Although Durkheim's critics say he jumps to conclusions in his explanation for altruism and morality in general, other anthropologists side with his interpretation. Some consider it an impossibility for society to have developed without the cooperation altruism fosters [source: Logan].

The implication that altruism is an external social mechanism is called social subjectivism, "the notion that truth and morality are creations of the mind of a collective (a group) of people" [source: Capitalism Magazine]. It means that we as a group have managed to create an intangible ideal like altruism and placed a high value on it. People see those who make personal sacrifices for the common good (or for the good of another person) as noble and admirable. If Durkheim and others who share a like mind about altruism are correct, then we have bought into altruism so deeply that our brains have evolved to deliver pleasure to us when we perform selfless acts.

To individualists (or egoists), the concept of altruism as a social fabrication is a dangerous thing. It defies true human nature in the egoists' opinion. "Each man takes responsibility for his own life and happiness and lets others do the same. No one sacrifices himself to others, nor sacrifices others to himself" [source: Strata]. In the eyes of an egoist, altruistic behavior allows people to be exploited by totalitarian governments: "Let us remember that under totalitarianism and state terror no one is accorded the moral right to exist as an end in himself, but must exclusively for particular others … or for a particular vision of society" [source: Dubeski]. Altruism, in this view, is an aspect of subservience, with the added benefit of being duped into feeling good about it.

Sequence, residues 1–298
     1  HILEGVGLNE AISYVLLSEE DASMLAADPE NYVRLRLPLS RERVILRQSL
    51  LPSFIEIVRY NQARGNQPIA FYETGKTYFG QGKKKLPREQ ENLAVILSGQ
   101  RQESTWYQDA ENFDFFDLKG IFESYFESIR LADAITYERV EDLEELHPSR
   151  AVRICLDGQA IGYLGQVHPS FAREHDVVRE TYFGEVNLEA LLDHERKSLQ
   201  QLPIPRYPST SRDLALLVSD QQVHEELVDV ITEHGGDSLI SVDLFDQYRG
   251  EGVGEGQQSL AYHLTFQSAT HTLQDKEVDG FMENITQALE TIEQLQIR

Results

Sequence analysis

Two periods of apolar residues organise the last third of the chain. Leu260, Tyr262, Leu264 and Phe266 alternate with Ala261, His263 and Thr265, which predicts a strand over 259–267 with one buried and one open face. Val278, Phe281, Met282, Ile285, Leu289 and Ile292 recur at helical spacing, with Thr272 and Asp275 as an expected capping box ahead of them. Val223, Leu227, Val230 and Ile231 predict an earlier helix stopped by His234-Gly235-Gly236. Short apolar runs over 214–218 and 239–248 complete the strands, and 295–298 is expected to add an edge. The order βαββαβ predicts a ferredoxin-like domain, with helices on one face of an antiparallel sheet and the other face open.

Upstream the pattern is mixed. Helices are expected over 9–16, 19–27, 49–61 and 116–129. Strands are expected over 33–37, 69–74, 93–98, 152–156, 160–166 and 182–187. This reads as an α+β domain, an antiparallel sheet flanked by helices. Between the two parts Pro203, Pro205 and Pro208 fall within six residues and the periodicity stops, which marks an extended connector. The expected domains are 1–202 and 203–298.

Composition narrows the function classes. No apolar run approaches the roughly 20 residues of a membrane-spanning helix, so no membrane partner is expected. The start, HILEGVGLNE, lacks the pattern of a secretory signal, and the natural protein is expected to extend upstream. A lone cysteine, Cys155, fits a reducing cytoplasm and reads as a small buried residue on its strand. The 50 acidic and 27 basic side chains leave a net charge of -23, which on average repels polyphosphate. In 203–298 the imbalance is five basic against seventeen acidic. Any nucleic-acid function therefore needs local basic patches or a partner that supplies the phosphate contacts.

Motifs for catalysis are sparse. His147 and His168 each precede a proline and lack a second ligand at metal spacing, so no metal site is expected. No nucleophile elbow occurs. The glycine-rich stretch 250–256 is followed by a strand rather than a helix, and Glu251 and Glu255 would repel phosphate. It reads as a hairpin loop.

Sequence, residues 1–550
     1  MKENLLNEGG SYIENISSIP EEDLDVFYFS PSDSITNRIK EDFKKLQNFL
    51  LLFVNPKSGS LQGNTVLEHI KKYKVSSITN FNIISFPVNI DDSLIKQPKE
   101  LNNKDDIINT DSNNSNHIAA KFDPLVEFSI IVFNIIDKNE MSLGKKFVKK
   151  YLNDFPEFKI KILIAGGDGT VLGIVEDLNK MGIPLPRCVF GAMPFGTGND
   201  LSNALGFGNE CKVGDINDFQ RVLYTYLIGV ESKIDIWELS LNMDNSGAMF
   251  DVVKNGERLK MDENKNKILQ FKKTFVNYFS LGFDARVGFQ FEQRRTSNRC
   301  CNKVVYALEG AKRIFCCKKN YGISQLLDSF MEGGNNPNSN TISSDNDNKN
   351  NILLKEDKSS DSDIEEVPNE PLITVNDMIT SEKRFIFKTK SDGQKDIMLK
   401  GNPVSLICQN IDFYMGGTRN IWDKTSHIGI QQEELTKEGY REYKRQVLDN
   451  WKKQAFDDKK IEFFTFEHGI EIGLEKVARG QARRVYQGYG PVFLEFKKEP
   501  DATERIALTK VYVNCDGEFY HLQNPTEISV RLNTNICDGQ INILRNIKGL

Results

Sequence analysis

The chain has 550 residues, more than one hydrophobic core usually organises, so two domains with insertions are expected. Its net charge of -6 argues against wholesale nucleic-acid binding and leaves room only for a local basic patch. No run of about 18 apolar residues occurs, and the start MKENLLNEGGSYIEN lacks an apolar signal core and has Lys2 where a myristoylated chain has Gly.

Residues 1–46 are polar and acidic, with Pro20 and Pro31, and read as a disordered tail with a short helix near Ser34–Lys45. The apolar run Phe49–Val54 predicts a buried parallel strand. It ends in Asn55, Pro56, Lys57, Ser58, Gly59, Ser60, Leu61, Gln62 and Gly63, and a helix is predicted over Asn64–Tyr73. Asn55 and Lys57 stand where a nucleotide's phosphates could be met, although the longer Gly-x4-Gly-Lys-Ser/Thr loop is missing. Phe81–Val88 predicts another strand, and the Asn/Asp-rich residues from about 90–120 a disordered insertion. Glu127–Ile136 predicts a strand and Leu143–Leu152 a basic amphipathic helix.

It seems like we've gone a bit far afield to answer such a seemingly simple question: Is there such a thing as a truly unselfish act? If MRI evidence is accurate, then we have the reward system to contend with. If evolutionists are correct, then we perform altruistic acts in order to ensure the survival of our genes. And if subjectivists are right, then we're altruistic merely because we conform to social standards. So far, the existence for a truly unselfish act isn't looking good.

But there are two silver linings to this dark cloud. Although we are rewarded one way or another by performing an altruistic act, it still remains up to the individual whether or not to perform one. And if helping one another feels good, does that make it any less worthwhile?

For more information on the way your brain works, evolution and other related topics, visit the next page.


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  • Biddle, Craig. "Loving life: The morality of self-interest and the facts that support it." Capitalism Magazine. September 16, 2005.
  • Dingfelder, Sadie. "Altruism: An accident of nature?" Monitor on Psychology. December 11, 2006.
  • Dubeski, Norman. "Durkheim's altruism as the source of his social holism." Electronic Journal of Sociology." 2001.
  • Kruger, Daniel J. Ph.D. "Evolution and altruism." University of Michigan.
  • Logan, Robert K. "Altruism and the origin of language and culture." University of Toronto.
  • Moll, Jorge et al. "Human fronto-mesolimbic networks guide decisions about charitable donations." Proceedings of the National Academy of Sciences. October 17, 2006.
  • Stata, Raymie. "What is individualism." Massachusetts Institute of Technology. 1992. WhatIsIndividualism.html#EgoismVsAltruism
  • Swerdlow, Lanny. "My short interview with Richard Dawkins." Postive Atheist.
  • Tierney, John. "Taxes a pleasure? Check the brain scan." New York Times. June 19, 2007.
  • Tierney, John. "The altruist's paradox: Should it hurt to be nice?" New York Times. June 18, 2007. paradox-should-it-hurt-to-be-nice/
  • "Activation of brain region predicts altruism." Duke University. January 22, 2007.
  • "Biological altruism." Stanford Encyclopedia of Philosophy. June 3, 2003.